Sunday, June 16, 2024

The Rimon Group turn to Akkerman

The Akkerman team travel to Bat Yam, Israel to provide training on Rimon’s initial 140 m long installation

In 2021, The Rimon Group in Bat Yam, Israel, purchased equipment from Akkerman to help rehabilitate a sanitary sewer. The sale was facilitated through a representative Akkerman has in the Bat Yam region to help make connections such as these.

Wear and tear on the sanitary pipe can cause issues that need to be resolved through rehabilitation. When a host pipe is made of concrete, it usually flows about half-full. Septic gases are hard on the concrete, and if the pipe is not rehabilitated, it will decay. If the decay gets severe enough, the top of the tunnel can collapse and stop the flow, causing issues in household plumbing (since the septic flow has nowhere to go) and can also allow groundwater to leak in, which can negatively affect how the sanitary sewer is treated.

The Akkerman sliplining system works by sliding a slightly smaller fibreglass pipe into an existing host pipe to provide a reinforced and efficient conduit. The fibreglass pipe then becomes the new sanitary sewer pipe. The approximate lifespan of a concrete pipe is 20 years, while the fibreglass reinforced pipe (FRP) has an approximate lifespan of 100 years or more. An advantage to the Akkerman sliplining equipment is that it can be installed while the sewer system is actively flowing. This reduces the need for costly bypass pumping while the sewer line is rehabilitated.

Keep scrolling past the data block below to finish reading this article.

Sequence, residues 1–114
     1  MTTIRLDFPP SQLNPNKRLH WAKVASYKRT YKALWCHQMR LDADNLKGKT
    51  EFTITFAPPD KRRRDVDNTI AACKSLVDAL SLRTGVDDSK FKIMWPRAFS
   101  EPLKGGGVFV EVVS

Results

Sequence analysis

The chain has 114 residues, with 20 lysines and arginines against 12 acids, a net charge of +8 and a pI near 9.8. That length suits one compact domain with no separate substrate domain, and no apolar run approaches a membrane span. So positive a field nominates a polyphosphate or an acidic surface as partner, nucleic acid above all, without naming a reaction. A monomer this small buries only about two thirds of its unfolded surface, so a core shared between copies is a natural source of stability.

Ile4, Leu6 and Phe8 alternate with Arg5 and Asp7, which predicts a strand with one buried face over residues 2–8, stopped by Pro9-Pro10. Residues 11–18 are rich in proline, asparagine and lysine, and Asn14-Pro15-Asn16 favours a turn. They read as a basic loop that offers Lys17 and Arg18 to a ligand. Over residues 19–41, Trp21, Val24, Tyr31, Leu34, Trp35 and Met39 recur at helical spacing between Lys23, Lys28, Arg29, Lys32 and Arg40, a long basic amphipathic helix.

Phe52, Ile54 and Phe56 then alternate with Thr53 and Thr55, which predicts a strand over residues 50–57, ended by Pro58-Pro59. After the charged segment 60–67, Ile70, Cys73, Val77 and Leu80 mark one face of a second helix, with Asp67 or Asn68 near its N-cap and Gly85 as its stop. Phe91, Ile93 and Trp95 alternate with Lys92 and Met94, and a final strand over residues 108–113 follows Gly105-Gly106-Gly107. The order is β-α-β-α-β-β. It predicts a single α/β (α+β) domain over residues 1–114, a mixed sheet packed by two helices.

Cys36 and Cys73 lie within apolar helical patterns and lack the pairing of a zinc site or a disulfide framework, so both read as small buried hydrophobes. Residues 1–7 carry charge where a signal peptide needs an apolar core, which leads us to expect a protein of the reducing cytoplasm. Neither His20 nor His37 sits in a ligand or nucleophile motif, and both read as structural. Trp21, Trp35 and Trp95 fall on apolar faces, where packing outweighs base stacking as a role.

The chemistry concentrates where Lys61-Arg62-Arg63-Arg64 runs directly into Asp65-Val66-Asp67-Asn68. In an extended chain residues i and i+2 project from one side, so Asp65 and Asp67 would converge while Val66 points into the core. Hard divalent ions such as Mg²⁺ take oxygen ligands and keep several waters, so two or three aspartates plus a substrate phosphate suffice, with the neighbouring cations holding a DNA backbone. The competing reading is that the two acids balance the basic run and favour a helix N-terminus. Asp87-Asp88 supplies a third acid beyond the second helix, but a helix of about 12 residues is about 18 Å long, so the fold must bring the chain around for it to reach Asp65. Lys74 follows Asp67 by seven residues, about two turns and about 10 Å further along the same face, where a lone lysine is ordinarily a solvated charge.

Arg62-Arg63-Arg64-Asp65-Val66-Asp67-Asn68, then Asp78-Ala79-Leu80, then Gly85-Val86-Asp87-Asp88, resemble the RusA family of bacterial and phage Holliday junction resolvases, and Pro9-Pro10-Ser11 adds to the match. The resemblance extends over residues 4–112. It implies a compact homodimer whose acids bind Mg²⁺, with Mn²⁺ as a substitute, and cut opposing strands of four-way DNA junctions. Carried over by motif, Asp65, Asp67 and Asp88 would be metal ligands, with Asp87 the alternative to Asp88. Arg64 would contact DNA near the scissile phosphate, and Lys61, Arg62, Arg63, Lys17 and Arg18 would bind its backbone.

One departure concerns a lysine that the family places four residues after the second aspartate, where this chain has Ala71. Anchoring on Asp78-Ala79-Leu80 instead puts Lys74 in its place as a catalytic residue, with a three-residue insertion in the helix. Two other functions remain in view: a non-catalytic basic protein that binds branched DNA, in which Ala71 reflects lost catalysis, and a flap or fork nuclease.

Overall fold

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In March 2022, members of the Akkerman team travelled to Bat Yam, Israel to provide training on Rimon’s initial 140 m long installation. The modular design of the Akkerman SLS-100 sliplining system was set-up to accommodate the 2.8 m long, 1,800 mm diameter FRP pipes while minimising surface disruption around the project site. Once onsite, the Akkerman team familiarised themselves with the crew and provided operational and safety training via translators, Google Translate, and demonstrations.

Sliplining operations were restricted to four hours each night due to severe fluctuations in the sewer flow in the region. Initially estimating the first installation would take three full shifts, the crew was able maximise productivity and install the 1,800 mm diameter FRP in just two shifts. Due to the simplicity of the Akkerman SLS100 sliplining system, the crew averaged around 6 minutes to set and install each 2.8 m long section of pipe. Once complete with this installation, the experienced crew was able to set-up and successfully utilise the system on several other scheduled projects.

This was the second project in Israel that Akkerman had been involved in, and the first of this particular type of project. Akkerman is looking forward to the potential for future pipe rehabilitation work in this region.

 

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